HSBC Holdings Plc (HSBA), faced with growing concern its plan to sell a $9.4 billion stake in Ping An Insurance (Group) Co. will fail, said it has no material information to disclose about the negotiations.
“HSBC confirms that it is not aware of any information which must be announced to avoid a false market” in its own shares, the London-based bank said in a statement yesterday prompted by Hong Kong’s market regulators. The announcement of the proposed sale “remains accurate,” the lender said.
Concern is growing that Chinese regulators may block the transaction, according to Goldman Sachs Group Inc. analysts Mancy Sun and Ning Ma. The sale is part of HSBC Chief Executive Officer Stuart Gulliver’s plan to boost returns by selling assets to focus on growing economies in which the bank has the greatest market share.
The China Insurance Regulatory Commission is leading a preliminary review of the application for the transaction, the watchdog said in a statement yesterday. Separately, China Development Bank, which had agreed to help finance the purchase by Thai billionaire Dhanin Chearavanont’s Charoen Pokphand Group Co., canceled its loans, China’s Caixin Online reported Jan. 8.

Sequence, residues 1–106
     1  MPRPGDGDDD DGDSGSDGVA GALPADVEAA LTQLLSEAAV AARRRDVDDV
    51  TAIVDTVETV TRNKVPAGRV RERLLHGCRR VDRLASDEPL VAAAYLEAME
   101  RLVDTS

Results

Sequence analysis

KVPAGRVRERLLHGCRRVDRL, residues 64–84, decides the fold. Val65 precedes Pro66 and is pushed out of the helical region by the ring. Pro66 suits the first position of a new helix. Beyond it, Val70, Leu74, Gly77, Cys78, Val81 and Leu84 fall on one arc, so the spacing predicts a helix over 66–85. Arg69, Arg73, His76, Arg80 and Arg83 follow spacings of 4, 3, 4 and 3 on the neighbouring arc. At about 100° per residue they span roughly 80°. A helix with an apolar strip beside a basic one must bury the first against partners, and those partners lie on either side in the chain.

“If HSBC had some bad news to tell the market, they would, I think,” Sandy Chen, an analyst at Cenkos Securities in London, said by telephone. “I think there’s some room in there for other lenders to step in.”
HSBC agreed on Dec. 5 to sell its 15.6 percent holding in Ping An to four subsidiaries of CP Group in two phases. The first stage, comprising shares valued at about HK$15 billion ($1.9 billion), was scheduled for Dec. 7. The sale of the remaining shares requires approval from CIRC by Feb. 1, or else an extension of the accord.
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